Some measures which have been adopted in US state laws are instructive. These include restriction of falsified sender information, mandatory labelling of advertising mail, mandatory unsubscribe links in advertising mail, restrictions on email harvesting or list sharing, and opt-in for spam/content filtering at ISPs.

Noteworthy is the Australia Institute's recommendation of mandatory filtering with an opt-out provision for adults based on age verification, drew 93% support from parents in a Newspoll survey.

No measure of itself is problem-free: age verified opt-out will incur extra costs while others over-restrict. For example, a law against false header information thereby outlaws anonymity, encroaching on civil rights. On the other hand, sending bulk emails of damaging content using a fake header is unambiguously wrong.

Another example is the collection of email addresses for targeted marketing, an activity which doesn't contravene business norm but which would suddenly be illegal. Clearly, restrictions need to be qualified by the justness of the situation and presence of overtly harmful action.

Even with anti-spamming laws in place, further complexities abound. The Internet is a global entity and laws would only apply to ISPs within local boundaries. In the case of Australia, most spam is from foreign hosts (mainly US even if it passes foreign relays or uses local ISP impersonation). Another difficulty is enforcement.

Most US state anti-spamming laws have proven difficult to enforce and successful ones (e.g., Cyber Promotions) required several successful lawsuits. Moreover, most spammers even if sued don't have deep pockets and file for bankruptcy. The motivation to sue given the time and costs is consequently low, and the stiffest penalties make for scant deterrence.

From all of this we can learn that spam is not a problem in the singular, but rather a number of problems calling for a number of different remedies, both technical and legal, involving a mix of self-regulation and broader regulation. Clearly, the most urgent aspects need to be tackled first.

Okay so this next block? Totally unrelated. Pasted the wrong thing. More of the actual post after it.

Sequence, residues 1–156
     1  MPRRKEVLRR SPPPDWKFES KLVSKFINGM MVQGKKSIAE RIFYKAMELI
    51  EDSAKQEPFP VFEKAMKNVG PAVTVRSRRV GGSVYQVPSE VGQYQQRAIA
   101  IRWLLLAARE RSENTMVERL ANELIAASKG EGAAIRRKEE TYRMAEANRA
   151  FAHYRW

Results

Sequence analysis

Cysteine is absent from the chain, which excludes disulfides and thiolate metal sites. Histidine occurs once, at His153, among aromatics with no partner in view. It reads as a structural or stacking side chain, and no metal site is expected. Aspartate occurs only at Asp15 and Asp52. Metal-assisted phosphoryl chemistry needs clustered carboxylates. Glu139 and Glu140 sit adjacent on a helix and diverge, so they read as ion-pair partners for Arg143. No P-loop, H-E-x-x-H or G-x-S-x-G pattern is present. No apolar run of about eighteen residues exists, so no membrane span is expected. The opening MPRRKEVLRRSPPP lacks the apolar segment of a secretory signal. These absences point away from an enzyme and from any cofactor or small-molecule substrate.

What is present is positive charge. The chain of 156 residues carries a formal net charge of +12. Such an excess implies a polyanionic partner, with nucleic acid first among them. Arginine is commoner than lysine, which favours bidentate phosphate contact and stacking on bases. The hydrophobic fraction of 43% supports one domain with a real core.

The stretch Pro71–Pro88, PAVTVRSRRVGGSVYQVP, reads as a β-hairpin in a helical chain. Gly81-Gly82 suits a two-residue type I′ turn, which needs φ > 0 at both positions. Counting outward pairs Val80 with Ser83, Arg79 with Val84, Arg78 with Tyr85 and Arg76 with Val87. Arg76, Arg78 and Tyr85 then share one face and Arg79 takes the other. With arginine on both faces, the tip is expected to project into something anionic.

The good news is that Internet pornography is the least tolerated of spam in the community. It also has lesser ambiguities as to what constitutes wrongful spamming. Importantly, the existence of the ABA regulatory function has a precedence for enforcement.

Deterrent

Thus, on the back of confronting the wider spam problem, pre-emptive advertising of Internet pornography could come under control, and this in turn should curb pimpernels who use spam as an advertising channel to elude content-filtering. Self-regulation through content-filtering in homes and ISPs will therefore be more effective.

For anti-porn activists, the mere mention of self-regulation sounds soft, however it mobilises the fastest solution, particularly when one considers the high success rate of latest generation software filters. Rarely mentioned but highly effective post hoc monitoring for web activity could also be used in homes and small agencies.

The monitoring of web logs (containing URLs that have been accessed) for instance is applied in government departments to good effect, and should be adopted by anxious parents. Smaller businesses should also learn from bigger ones about how to protect systems from breaches (spoofing or hijacking) which allow servers to be impersonated by other (foreign) hosts.

The end game is to suffocate the visibility that gives porn suppliers cost viable existence. Most spammers are small bit players exploiting technological efficiency for large-scale reach. A well-crafted law motivated by political incentive, enforced locally and cascading to foreign regulation authorities, empowering rather than abating self-regulation, is an imperfect but powerful roadblock. Like all things on the net, trimming the margins is sometimes enough to squeeze out the skittish as rapidly as they emerge.